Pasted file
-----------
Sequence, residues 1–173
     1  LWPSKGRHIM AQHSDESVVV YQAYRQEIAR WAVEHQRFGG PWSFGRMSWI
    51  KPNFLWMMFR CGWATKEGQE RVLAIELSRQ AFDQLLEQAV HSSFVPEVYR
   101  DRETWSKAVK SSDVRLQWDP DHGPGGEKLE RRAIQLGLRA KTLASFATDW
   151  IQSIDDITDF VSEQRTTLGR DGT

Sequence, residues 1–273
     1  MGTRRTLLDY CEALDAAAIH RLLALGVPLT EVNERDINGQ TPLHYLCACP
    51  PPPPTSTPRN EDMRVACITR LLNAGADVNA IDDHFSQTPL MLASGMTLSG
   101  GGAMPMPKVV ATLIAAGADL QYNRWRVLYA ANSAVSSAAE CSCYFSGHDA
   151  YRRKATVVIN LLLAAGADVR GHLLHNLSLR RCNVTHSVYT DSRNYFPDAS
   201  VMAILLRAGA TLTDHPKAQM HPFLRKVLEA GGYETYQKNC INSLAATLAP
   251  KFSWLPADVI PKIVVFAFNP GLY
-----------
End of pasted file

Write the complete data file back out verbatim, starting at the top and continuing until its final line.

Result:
Sequence, residues 1–173
     1  LWPSKGRHIM AQHSDESVVV YQAYRQEIAR WAVEHQRFGG PWSFGRMSWI
    51  KPNFLWMMFR CGWATKEGQE RVLAIELSRQ AFDQLLEQAV HSSFVPEVYR
   101  DRETWSKAVK SSDVRLQWDP DHGPGGEKLE RRAIQLGLRA KTLASFATDW
   151  IQSIDDITDF VSEQRTTLGR DGT

Sequence, residues 1–273
     1  MGTRRTLLDY CEALDAAAIH RLLALGVPLT EVNERDINGQ TPLHYLCACP
    51  PPPPTSTPRN EDMRVACITR LLNAGADVNA IDDHFSQTPL MLASGMTLSG
   101  GGAMPMPKVV ATLIAAGADL QYNRWRVLYA ANSAVSSAAE CSCYFSGHDA
   151  YRRKATVVIN LLLAAGADVR GHLLHNLSLR RCNVTHSVYT DSRNYFPDAS
   201  VMAILLRAGA TLTDHPKAQM HPFLRKVLEA GGYETYQKNC INSLAATLAP
   251  KFSWLPADVI PKIVVFAFNP GLY